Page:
Dr. Angela Hornsby, Curator
Elizabeth Beckman, Ph.D.
Libby was UMZM curator from 2016-2018, overseeing the first phase of the museum's major renovation in the late 2010s. In addition to directing all the day-to-day museum functions, Libby also coordinated the installation of the research collections in the new archival space, and uploaded our specimen catalog to an online database system accessible worldwide.
Paul Hendricks, Ph.D.
Paul served as interim curator of the UMZM between 2013-2016, after working as a zoologist with the Montana Natural Heritage Program for 18 years. He has wide-ranging experience and expertise particularly in birds, with projects drawing him to field work across North America. Paul has coauthored two useful guides to Montanan fauna: Amphibians and Reptiles of Montana and Birds of Montana.
David Dyer, M.S.
Dave was curator of the UMZM from 1993 through 2013, welcoming and training dozens (and dozens!) of students in specimen preparation, natural history curation, osteology, zooarchaeology, and exhibit preparation. His fingerprints are all over the UMZM, as he developed many of the specimen tracking and labeling standards that are still in use today. Dave made a career through decades of work in natural history museums, including the University of Nebraska State Museum, Cincinnati Museum of Natural History, and the Natural History Department of the Ohio Historical Society.
Philip L. Wright, Ph.D.
Phil began as curator of the UMZM when he was hired by the University of Montana in 1939. A beloved educator to thousands of students over his career, Phil taught mammalogy for 46 years and ornithology for 38 years. He headed the Wildlife Technology curriculum (now the renowned Wildlife Biology Program), served as Chair of the Zoology Department, and was active and well regarded in numerous regional and national scientific societies. Best known for his work on reproductive biology of mustelids, Phil was also an avid scientific collector—the vast majority of the current UMZM specimens were collected by him or under his direction, building a wealth of information on Montanan and global biodiversity that will continue to support research for generations to come. For his lifetime of work and dedication to the museum, it was named in his honor in 1997.
Emily Graslie, M.S.
Emily volunteered and interned in the UMZM as an undergraduate B.F.A student, and went on to become a full-time volunteer and later Graduate Curatorial Assistant for the museum. Her focus in the collections included processing and filing new donations and loans, preparing specimens for the collection, giving tours, training volunteers and interns, and serving as the TA for Vertebrate Osteology. She also promoted the creative and productive work of the UMZM through various internet social media, notably co-creating the popular science education YouTube channel The Brain Scoop, which itself led to her position as the first ever Chief Curiosity Correspondent at Chicago's Field Museum of Natural History.
Robert Niese, Ph.D.
Robert worked as a Graduate Associate at UMZM while completing his Ph.D. in the Flight Lab at Fort Missoula. He brought energy and expertise in all areas of natural history collection curation, research, and outreach.
Jonathan Hardes, M.S.
Jon worked in the UMZM from 2003 to 2006 with focus on zooarchaeology and vertebrate osteology. His additional experience with museum collections includes work with the U.S. Bureau of Reclamation Interior Museum Program, Glacier National Park, the University of Montana Department of Anthropology, and the Robert S. Peabody Museum of Archaeology.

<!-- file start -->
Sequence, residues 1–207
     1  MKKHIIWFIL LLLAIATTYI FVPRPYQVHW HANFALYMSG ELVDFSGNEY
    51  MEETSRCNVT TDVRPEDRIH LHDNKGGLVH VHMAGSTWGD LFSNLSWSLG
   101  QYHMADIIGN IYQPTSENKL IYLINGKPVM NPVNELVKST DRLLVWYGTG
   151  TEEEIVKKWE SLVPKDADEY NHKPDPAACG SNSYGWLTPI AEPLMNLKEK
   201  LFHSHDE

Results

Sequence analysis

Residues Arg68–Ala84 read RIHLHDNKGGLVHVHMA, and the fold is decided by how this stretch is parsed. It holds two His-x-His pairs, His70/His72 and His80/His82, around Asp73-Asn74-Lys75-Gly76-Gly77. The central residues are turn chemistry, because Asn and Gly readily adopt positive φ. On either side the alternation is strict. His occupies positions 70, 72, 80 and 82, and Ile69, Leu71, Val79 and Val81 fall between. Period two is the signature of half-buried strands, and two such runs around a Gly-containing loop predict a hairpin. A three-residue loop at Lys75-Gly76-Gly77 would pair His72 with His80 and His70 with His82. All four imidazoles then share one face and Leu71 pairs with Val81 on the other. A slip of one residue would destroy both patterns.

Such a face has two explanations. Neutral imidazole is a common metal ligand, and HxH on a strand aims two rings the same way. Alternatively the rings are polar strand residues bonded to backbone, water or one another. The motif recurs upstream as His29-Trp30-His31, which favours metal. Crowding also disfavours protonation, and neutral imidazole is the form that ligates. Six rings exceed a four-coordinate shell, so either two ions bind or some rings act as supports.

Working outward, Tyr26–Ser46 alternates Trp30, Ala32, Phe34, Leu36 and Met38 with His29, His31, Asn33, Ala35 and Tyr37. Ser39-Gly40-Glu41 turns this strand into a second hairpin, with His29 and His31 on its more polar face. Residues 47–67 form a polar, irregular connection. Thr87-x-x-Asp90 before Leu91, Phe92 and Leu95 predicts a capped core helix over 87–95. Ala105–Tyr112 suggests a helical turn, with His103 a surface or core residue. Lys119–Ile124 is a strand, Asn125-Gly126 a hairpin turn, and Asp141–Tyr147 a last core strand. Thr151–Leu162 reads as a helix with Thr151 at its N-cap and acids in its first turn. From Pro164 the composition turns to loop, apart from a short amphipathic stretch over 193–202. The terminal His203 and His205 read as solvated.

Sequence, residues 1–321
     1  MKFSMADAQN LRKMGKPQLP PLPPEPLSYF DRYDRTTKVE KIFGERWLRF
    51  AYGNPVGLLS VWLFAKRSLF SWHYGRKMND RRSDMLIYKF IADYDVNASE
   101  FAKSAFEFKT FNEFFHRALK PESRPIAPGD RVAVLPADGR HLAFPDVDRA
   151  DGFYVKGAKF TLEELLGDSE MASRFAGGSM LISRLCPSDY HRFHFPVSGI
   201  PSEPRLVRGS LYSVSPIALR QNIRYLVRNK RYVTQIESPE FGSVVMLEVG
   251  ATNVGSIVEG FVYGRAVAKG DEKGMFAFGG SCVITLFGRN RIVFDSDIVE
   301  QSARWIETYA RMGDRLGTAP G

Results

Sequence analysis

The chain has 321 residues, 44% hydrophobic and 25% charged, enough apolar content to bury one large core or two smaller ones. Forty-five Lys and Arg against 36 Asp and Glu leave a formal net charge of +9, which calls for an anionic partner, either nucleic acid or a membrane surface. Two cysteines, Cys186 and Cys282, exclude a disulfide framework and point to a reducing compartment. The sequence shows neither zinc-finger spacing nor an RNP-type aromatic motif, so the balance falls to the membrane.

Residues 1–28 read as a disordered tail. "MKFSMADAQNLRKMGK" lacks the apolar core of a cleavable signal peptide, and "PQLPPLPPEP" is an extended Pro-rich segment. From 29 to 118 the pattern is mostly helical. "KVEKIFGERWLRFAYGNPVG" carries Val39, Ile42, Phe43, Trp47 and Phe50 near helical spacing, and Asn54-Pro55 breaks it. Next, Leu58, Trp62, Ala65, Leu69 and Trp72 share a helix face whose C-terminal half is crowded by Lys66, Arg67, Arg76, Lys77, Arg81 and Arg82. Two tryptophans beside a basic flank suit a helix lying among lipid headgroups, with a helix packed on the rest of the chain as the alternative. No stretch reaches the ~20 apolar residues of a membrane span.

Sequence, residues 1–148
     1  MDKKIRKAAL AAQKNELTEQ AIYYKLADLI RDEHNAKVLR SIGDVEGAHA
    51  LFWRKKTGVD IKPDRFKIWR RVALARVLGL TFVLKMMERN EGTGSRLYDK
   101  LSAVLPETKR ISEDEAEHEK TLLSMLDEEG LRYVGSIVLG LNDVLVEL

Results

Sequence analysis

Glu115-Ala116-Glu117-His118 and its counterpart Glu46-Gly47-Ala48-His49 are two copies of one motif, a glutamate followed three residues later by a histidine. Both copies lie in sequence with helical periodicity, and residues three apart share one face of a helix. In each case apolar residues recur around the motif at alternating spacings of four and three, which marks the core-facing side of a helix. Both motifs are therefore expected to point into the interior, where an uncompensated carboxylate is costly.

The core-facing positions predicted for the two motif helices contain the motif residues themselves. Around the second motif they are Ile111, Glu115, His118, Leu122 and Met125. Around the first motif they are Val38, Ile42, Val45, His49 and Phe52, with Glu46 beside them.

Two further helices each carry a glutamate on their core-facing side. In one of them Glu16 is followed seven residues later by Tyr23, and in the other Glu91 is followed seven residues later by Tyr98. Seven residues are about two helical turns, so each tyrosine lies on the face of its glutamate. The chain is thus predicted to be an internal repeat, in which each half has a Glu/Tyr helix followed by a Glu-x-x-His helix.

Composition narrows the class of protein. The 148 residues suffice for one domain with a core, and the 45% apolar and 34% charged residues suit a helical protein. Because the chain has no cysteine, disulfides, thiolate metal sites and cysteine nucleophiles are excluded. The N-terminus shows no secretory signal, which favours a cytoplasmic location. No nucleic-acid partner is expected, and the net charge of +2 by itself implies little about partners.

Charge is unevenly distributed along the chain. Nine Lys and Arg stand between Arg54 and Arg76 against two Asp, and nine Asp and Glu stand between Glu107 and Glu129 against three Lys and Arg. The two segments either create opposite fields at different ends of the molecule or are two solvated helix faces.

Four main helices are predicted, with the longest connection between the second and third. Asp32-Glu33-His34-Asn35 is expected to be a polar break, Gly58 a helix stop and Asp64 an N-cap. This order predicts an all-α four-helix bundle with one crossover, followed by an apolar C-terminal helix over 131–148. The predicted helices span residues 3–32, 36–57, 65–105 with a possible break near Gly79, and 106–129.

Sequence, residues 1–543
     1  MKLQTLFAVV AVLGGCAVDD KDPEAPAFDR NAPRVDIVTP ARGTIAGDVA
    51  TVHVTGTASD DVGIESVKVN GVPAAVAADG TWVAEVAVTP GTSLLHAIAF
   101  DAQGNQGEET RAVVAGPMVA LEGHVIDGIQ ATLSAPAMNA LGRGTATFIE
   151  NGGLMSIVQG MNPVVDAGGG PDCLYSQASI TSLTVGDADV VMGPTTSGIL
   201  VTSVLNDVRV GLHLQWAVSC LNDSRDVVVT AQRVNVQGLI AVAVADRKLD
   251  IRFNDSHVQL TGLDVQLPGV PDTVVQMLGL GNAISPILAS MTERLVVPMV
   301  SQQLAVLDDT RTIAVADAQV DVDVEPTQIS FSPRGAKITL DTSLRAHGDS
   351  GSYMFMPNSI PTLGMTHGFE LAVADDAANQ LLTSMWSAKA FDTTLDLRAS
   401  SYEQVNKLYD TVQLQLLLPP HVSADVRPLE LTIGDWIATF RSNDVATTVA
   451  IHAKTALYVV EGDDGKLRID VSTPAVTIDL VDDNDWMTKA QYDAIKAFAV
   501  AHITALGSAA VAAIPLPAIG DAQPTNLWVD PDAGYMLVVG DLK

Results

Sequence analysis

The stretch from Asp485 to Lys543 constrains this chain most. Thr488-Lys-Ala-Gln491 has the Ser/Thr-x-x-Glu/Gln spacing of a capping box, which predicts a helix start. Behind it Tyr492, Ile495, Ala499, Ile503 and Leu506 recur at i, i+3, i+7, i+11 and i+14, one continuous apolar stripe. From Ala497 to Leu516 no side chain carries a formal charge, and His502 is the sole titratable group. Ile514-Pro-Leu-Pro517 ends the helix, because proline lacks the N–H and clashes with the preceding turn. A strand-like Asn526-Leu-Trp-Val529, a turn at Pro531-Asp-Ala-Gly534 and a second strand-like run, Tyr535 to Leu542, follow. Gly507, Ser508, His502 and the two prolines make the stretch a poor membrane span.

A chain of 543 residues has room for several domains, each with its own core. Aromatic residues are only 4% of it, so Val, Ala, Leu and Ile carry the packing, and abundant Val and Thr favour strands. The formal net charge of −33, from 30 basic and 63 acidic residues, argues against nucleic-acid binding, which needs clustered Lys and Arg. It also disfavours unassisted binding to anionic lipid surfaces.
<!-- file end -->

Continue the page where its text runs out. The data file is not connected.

Nat is a Ph.D. candidate in Organismal Biology, Ecology, & Evolution. He is based in the Good Lab, focusing on chipmunk phylogenetics, speciation, and adaptation. He works on a variety of special projects for the UMZM, including outreach, curation, and helping to orchestrate the recent museum renovations.
Nicole Phillips, Spring 2020
Nicky (Wildlife '20) centered her internship around articulating a mule deer skeleton complete with leather straps functioning as tendons and ligaments, for hands-on learning about the anatomy and biomechanics of ungulate movement. Nicky is thankful for the opportunity the Graslie Curiosity Internship program offered her, and she is excited about the potential for her project to serve as a tool for education and outreach in the UMZM for years to come.
Justin Ruby, Spring 2020
Justin (Wildlife '20) was a Graslie Curiosity Intern in his junior year. His interests include wildlife conservation research, human-animal conflict, and animal behavior. As educating the public is vital for wildlife conservation, the goal of his project was to digitize skulls into 3D models that can be printed and used for general outreach events and in educational modules he developed for on- and off-campus use. The 3D printed skulls allow kids to examine and fully manipulate a wide variety of skulls to see how they work, without fear of damaging the original specimens.
Sky Gennette, Spring 2021
Sky (Wildlife '21) worked on a project that will have a lot of use around the museum: a comprehensive guide to identifying Montana's mammal species for use in classes, specimen prep, and curatorial work. Of course there are numerous good resources out there for mammal ID, but Sky's idea was to pull the "best of" tips from all those places into a guide that presents both internal and external features, can easily be updated if there are taxonomic revisions, includes order- or family-level diagrams showing what major features look like on different taxa, and can be generalized for public outreach projects.
Charles was a top volunteer bird preparator at the UMZM for many years, after retiring from a career in the medical field. He was also a teaching naturalist at the Montana Natural History Center, connecting thousands of young people with the wonders of the natural world.